If you individually package all of your meals like me,  you might want to consider labeling your containers. This will really help you when you open your fridge in the morning and want to know what food you are selecting, or when you are pulling some meals from the freezer. I use these clear Avery labels for my personal chef service and in my personal cooking. You can print on them or write with a permanent marker. The ink stays put on them and the labels peel off easily without leaving any kind of mess. Along with the name of the entree, write the Date on the sticker. This will ensure that you eat the meals within their allotted window, and that you select the correct meals from the freezer.

  14) Make a Meal Spreadsheet

This last step is optional, but it can be helpful because it ENTIRELY takes the guess work out of what to eat. We create a table or a chart where I write down when we will eat each meal during the week. My husband and I have it saved in a shared Google Doc that we pull up when we want to see what we said we would eat on that day. Since I have 6 servings of each entree and one throw together meal, my week would look like this:

Sunday Monday Tuesday Wednesday Thursday Friday Saturday
Lunch Lunch out at Whole Foods Barbacoa w/ Zucchini & Carrots Spaghetti Squash Pie w/ Broccoli Pork Stir Fry & Turnip Lo Mein Barbacoa w/ Zucchini & Carrots Chicken Soup w/ Roasted Sweet Potatoes [from freezer] Spaghetti Squash Pie w/ Broccoli [from freezer]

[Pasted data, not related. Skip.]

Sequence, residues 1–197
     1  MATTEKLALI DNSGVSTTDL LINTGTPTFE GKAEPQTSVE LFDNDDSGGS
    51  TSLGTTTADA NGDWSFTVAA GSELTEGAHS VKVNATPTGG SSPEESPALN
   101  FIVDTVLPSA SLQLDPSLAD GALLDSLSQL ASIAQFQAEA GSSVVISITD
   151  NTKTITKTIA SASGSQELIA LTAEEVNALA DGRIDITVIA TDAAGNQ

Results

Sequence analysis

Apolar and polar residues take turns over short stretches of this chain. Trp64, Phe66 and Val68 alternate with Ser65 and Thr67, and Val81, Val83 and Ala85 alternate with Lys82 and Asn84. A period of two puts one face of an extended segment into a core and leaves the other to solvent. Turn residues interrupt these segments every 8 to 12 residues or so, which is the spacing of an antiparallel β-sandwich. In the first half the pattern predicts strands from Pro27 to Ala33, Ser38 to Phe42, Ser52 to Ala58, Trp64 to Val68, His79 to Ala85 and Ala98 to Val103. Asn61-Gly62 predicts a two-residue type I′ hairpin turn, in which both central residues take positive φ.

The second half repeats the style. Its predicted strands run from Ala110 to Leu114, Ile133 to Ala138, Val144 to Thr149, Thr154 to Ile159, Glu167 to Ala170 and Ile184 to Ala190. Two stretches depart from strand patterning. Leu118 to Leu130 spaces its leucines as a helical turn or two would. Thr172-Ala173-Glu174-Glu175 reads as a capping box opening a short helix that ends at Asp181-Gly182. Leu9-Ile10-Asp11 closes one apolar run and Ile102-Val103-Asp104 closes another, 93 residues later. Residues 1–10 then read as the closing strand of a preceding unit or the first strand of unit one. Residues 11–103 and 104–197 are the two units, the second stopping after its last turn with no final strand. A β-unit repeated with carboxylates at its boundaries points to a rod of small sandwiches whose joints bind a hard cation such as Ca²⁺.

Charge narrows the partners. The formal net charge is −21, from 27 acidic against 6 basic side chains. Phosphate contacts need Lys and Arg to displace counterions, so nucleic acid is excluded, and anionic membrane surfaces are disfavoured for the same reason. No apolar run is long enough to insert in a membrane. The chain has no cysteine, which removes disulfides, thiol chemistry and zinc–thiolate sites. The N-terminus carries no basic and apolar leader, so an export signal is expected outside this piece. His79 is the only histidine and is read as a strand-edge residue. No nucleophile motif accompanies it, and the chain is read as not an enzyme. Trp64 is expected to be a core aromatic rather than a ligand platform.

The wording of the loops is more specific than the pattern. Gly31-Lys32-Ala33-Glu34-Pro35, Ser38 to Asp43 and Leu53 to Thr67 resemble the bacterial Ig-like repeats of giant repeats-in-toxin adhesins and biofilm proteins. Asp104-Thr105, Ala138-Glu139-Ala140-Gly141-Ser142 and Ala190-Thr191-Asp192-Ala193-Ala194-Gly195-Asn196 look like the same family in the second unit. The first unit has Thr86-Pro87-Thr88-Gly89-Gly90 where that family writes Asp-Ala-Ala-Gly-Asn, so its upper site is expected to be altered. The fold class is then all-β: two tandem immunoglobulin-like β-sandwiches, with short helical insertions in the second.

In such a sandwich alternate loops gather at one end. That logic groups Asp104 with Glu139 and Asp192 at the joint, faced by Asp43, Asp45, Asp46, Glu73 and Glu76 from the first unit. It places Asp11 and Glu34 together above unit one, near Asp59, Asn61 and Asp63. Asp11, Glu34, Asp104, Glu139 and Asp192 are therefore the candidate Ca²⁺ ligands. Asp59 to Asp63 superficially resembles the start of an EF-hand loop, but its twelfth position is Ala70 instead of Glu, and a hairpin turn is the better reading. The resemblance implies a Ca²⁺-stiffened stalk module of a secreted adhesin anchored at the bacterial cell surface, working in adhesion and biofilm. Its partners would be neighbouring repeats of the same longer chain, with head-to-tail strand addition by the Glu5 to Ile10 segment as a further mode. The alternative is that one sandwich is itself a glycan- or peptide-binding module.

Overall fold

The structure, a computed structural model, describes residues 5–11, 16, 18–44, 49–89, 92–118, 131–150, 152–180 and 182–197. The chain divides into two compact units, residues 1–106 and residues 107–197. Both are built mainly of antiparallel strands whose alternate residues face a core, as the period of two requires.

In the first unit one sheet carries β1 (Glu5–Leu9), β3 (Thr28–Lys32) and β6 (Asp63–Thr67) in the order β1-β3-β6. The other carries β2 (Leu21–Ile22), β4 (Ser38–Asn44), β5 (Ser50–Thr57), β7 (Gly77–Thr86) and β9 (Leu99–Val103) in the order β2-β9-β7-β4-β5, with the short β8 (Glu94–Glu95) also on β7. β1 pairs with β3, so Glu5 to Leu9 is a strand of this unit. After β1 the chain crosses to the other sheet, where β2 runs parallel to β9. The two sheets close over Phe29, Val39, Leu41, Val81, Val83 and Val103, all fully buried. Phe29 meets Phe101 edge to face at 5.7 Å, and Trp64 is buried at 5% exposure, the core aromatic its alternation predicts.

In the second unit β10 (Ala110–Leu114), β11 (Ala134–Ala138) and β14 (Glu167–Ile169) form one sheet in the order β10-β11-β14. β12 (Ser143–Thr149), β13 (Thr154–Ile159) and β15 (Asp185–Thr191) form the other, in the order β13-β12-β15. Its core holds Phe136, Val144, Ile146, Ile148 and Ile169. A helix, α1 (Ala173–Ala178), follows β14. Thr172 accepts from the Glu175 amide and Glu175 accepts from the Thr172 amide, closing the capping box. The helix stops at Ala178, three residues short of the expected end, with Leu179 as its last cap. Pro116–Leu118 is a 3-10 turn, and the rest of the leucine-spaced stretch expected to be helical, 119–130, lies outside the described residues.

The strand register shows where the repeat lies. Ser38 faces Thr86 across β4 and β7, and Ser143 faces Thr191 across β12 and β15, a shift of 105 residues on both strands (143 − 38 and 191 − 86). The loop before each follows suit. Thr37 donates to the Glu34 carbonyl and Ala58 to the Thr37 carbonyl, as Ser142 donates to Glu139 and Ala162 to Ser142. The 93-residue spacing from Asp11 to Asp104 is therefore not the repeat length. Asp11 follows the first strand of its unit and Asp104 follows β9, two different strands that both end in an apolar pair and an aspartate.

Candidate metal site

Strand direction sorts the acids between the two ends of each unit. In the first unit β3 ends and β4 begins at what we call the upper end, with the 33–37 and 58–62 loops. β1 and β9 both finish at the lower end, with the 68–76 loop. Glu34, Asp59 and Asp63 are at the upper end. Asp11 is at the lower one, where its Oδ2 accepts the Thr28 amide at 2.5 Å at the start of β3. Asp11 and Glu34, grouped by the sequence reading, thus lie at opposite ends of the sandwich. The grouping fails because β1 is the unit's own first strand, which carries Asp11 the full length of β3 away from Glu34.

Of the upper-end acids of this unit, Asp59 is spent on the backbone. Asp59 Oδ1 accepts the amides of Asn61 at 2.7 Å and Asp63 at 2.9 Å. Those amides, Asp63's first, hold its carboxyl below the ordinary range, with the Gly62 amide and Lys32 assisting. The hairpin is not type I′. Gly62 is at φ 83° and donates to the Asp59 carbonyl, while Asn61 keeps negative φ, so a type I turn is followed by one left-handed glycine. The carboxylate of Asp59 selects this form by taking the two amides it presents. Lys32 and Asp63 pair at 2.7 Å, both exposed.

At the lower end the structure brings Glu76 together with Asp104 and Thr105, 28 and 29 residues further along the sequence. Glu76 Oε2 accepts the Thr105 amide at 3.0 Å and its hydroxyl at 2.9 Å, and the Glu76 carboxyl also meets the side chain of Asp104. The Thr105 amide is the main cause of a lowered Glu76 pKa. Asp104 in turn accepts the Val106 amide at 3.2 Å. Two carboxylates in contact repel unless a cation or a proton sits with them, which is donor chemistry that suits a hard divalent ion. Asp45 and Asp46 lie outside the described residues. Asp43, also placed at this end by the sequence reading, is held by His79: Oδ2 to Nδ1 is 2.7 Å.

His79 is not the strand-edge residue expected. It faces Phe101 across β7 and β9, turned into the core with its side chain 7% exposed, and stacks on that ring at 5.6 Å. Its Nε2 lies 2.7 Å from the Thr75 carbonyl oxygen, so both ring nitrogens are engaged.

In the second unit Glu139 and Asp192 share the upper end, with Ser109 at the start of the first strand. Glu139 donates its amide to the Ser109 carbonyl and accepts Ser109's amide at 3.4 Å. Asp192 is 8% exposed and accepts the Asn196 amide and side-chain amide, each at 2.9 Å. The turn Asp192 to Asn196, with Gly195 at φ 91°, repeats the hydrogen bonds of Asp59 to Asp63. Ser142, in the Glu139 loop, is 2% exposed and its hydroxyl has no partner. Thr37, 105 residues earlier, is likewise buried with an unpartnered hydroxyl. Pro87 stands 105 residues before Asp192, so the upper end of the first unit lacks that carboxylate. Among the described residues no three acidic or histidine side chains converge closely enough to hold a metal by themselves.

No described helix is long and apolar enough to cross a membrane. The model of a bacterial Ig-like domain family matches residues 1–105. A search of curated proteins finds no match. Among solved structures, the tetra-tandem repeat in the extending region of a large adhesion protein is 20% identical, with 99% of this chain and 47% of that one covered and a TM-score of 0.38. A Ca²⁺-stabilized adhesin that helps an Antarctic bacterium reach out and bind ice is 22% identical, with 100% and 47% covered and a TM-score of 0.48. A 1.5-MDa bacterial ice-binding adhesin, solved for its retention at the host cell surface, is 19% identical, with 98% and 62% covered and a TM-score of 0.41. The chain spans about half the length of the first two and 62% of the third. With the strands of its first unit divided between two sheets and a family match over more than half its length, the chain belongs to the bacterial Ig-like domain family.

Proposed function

Dinner Pork Stir Fry & Turnip Lo Mein Chicken Soup w/ Roasted Sweet Potatoes [and make a green salad!] Pork Stir Fry & Turnip Lo Mein Barbacoa w/ Zucchini & Carrots Spaghetti Squash Pie w/ Broccoli [from freezer] Tuna Salad [throw together meal] Chicken Soup w/ Roasted Sweet Potatoes [from freezer]

I didn’t include breakfast here, as we usually just do eggs, coffee, and maybe a smoothie.

Notice that the meals from days 5-7 say “from the freezer”. Since I have all of my meals prepared ahead of time, I know exactly what will head into the freezer at the beginning of the week, and what to take out for each of the meals near the end of the week. I recommend moving meals from freezer to fridge the 1-2 days before you eat them, depending upon the size of the container you use. That way, the meal should be fully thawed by the time you take it from the fridge to the oven.

Freezer Tip — I recommend that all of your packaged meals sit in the fridge first before heading to the freezer. The containers that are designated for the freezer should sit in the fridge for at least 12 hours or a day. I recommend this because putting meals directly from the countertop to freezer promotes condensation on top of the meals, which leads to freezer burn. Since we definitely Don’t want that with our meals, keep them in the fridge to cool down properly, and then transfer to the freezer!

You’re all done! Now you can enjoy delicious food throughout the week, without having to prepare meals each evening. I hope these tips on Meal Planning and Batch Cooking have been helpful for you! I will post a round up of my favorite crock pot and freezer-ready meals in my next post, so stay tuned! In the interim, leave me a message in the comments if you found this helpful, or if you have any special tricks and tips of your own!

How to Meal Plan and Batch Cook Part 2